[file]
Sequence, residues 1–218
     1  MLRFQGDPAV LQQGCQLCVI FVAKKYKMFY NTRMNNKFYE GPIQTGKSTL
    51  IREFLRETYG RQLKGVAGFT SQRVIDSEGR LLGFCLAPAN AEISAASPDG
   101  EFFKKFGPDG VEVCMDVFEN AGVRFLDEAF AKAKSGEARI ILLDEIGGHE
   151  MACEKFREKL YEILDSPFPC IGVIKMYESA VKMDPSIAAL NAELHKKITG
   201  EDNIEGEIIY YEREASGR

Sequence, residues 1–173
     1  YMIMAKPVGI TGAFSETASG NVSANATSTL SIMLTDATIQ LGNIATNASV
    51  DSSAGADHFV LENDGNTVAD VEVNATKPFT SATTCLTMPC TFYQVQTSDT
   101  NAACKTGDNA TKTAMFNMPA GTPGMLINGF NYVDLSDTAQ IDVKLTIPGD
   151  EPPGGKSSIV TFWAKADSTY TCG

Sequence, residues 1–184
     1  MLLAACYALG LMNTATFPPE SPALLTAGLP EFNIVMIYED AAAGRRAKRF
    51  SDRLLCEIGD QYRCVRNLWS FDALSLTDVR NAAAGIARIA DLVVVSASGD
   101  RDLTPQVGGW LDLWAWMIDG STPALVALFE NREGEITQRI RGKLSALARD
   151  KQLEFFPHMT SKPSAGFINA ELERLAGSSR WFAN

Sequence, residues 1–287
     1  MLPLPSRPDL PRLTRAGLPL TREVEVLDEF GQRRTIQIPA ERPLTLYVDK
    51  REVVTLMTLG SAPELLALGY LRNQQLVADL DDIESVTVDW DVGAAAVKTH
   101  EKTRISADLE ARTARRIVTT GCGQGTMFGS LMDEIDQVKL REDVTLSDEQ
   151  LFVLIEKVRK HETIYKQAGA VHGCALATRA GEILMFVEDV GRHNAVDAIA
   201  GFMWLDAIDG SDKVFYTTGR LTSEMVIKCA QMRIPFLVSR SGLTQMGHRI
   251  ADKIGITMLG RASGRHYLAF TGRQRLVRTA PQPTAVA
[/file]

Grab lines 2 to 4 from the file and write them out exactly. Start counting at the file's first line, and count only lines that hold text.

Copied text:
     1  MLRFQGDPAV LQQGCQLCVI FVAKKYKMFY NTRMNNKFYE GPIQTGKSTL
    51  IREFLRETYG RQLKGVAGFT SQRVIDSEGR LLGFCLAPAN AEISAASPDG
   101  EFFKKFGPDG VEVCMDVFEN AGVRFLDEAF AKAKSGEARI ILLDEIGGHE